As with the British media’s coverage of Wimbledon 2013, Howzat! is resolutely male chauvinist in its outlook. Women are there solely to look decorative, answer phones and fetch snacks. When, like Packer’s long-suffering secretary, they only achieve a Marion Bartoli level of attractiveness, the boss is not impressed.
Kerry Packer may have started a revolution in the cricketing world, but I’m not so sure attitudes towards women have moved on much since the mustachioed mid-70s.
“Is this over yet then, Freddie?” enquired a hungry guest at what felt like the longest and worst catered tea party in TV history. This was episode one of Vicious, ITV1′s new Monday-night sitcom starring the absolutely fabulous Ian McKellen and Derek Jacobi as long-term lovers and antagonists, Freddie and Stuart. Freddie is a moderately successful thespian with an inflated idea of his own sexual magnetism. Former barman Stuart is the domestic one, though judging by those stale Digestives and teeny tiny sandwiches, he’s not a likely contestant for The Great British Bake Off.
The two stars may be septuagenarians and the intrusive canned laughter an unwelcome throwback to the 70s, but Vicious seemed intent on proving that it’s not Last of the Summer Wine. The high-energy opening credits sequence featured blotchy Gerald Scarfe-style graphics on a red background, accompanied by a burst of The Communards “Never Can Say Goodbye”. After a brief establishing shot of a posh Georgian town house, we were straight into the quick-fire, back-and-forth bitching between our elderly flat-mates. The plot revolved around the death of an unseen chum called Clive and speculation over the sexuality of a good-looking young neighbour Ash (played by Welsh actor Iwan Rheon).
It was when Frances de la Tour made her appearance as Violet, an old friend of Freddie and Stuart, that the feeling of déjà vu really kicked in. Watching her hand wander up Ash’s thigh, I was transported back to seedy bedsit land in the 70s, where the actress played the amorous Miss Jones in Rising Damp. Rheon’s Ash doesn’t have quite as much hair as Richard Beckinsale in his pomp, but his function as a gormless object of desire seems pretty similar.
Previewing this show, at least one commentator was enthusiastic about seeing two gay characters centre stage, rather than sniping or simpering from the sidelines. The fact that two of our most distinguished actors – both of them gay – are portraying Freddie and Stuart, should have been another positive in terms of visibility. But leaving aside the sexual politics, Vicious is just a lukewarm excuse for a comedy that is resolutely old-fashioned both in conception and execution.
As the battle of the one-liners commenced, you could almost smell the desperation coming off both distinguished leads and a studio audience who’d been primed to scream with mirth at every gag. I’m sure McKellen and Jacobi would be great company if you met them down the pub for a few pints. But here the timing was way off as they rattled around a set that looked as though it had been constructed from the bits left over from every sitcom from Steptoe and Son onwards.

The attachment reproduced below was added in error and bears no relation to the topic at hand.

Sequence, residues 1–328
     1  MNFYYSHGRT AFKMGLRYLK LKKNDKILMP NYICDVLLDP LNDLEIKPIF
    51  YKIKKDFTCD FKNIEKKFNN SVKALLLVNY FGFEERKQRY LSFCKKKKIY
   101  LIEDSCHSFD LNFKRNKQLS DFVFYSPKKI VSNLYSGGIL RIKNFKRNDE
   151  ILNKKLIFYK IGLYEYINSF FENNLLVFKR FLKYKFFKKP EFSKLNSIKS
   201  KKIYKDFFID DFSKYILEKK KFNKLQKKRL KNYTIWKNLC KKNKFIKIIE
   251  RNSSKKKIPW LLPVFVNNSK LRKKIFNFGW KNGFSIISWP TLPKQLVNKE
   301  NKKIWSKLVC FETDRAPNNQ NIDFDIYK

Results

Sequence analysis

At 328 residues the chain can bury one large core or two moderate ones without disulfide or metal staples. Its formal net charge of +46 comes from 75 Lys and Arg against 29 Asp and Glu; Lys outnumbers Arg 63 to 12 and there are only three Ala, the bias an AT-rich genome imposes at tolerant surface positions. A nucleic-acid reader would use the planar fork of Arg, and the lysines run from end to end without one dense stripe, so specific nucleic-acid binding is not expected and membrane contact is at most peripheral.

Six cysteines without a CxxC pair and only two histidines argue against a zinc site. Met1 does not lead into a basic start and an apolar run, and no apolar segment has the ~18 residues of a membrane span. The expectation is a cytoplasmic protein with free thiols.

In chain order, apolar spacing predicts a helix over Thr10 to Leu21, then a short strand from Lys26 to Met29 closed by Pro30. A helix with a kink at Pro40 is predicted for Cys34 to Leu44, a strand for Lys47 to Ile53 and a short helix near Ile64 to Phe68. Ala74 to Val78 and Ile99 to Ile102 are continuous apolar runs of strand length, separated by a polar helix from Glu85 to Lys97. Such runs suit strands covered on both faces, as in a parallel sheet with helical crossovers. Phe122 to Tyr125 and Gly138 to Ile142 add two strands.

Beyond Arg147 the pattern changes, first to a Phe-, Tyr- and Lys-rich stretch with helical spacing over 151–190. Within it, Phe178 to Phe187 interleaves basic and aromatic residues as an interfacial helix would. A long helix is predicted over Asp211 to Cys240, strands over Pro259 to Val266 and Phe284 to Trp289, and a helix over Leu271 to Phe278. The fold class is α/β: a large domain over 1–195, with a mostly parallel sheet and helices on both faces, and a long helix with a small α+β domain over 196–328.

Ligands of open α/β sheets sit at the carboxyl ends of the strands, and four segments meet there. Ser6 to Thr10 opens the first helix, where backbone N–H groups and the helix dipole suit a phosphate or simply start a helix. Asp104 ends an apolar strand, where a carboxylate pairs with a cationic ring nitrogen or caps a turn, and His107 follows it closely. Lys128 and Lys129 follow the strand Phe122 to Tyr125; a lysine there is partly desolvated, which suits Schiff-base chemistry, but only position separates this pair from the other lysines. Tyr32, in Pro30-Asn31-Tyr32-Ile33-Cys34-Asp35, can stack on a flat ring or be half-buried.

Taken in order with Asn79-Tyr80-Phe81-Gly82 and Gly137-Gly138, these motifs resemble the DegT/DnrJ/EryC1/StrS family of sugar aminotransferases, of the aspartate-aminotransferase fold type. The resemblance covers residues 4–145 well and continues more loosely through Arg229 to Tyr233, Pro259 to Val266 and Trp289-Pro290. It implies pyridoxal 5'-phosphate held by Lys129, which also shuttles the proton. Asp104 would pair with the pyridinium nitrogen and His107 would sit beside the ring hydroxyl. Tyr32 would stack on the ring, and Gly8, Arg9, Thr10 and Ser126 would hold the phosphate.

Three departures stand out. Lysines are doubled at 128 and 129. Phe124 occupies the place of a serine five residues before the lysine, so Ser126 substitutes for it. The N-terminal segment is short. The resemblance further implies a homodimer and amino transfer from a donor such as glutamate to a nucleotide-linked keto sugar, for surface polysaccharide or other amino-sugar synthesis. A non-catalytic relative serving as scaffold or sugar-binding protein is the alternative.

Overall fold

I didn’t laugh, but there were there were a few moments where I couldn’t resist a wry smile. A couple of minutes into the programme, the hashtag popped up in the corner of the screen, inviting viewers to share their merriment on Twitter. (I was watching after the event, so I missed finding out whether anyone was actually laughing.)
Then there was that collection of urns on Freddie and Stuart’s mantelpiece, holding the remains of several long-dead pets. It was a reminder of how moribund this type of British sitcom is these days. No amount of feeble jokes about Zac Efron or references to Lord Grantham can disguise the fact that this would have been out of date in Lord Lucan’s day. Those weren’t canine remains in the jars – they were the ashes of Leonard Rossiter, Ronnie Barker, Arthur Lowe and all the other greats from an era when Britain made comedies than were funny and not simply embarrassing.
Instead of wondering whether DI Hardy would drop dead before solving the case, I found myself asking why Tennant was growing that rather unattractive beard.
As the final credits rolled on ITV1′s Broadchurch, teary-eyed viewers contemplated that yawning gap in their Monday-night TV viewing. Some probably headed to the kitchen for a consolatory cup of tea; others plugged into Twitter to share in the social networking postmortem (should that be rehash?) on what has been huge critical and popular success. There was another very late twist – it turns out that it’s not all over. A message flashed up on screen saying “Broadchurch will Return”. I was so relieved, I felt like planting a big kiss on my David Tennant poster.
For most of the eight-episode run, I wasn’t really convinced by this slow-burning mystery about the death of an 11-year-old boy in a quiet seaside town. For me it was more a case of “Boredchurch”, as the investigation led by ailing DI Alec Hardy (David Tennant) and his resentful sidekick DS Ellie Miller (Olivia Colman) seemed to be moving at a snail’s pace.